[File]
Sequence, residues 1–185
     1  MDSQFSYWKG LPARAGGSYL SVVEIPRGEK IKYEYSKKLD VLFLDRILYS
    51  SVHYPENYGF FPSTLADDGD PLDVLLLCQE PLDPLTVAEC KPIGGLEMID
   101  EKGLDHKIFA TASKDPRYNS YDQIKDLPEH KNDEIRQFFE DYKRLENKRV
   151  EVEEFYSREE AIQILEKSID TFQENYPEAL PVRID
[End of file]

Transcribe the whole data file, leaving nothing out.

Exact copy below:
Sequence, residues 1–185
     1  MDSQFSYWKG LPARAGGSYL SVVEIPRGEK IKYEYSKKLD VLFLDRILYS
    51  SVHYPENYGF FPSTLADDGD PLDVLLLCQE PLDPLTVAEC KPIGGLEMID
   101  EKGLDHKIFA TASKDPRYNS YDQIKDLPEH KNDEIRQFFE DYKRLENKRV
   151  EVEEFYSREE AIQILEKSID TFQENYPEAL PVRID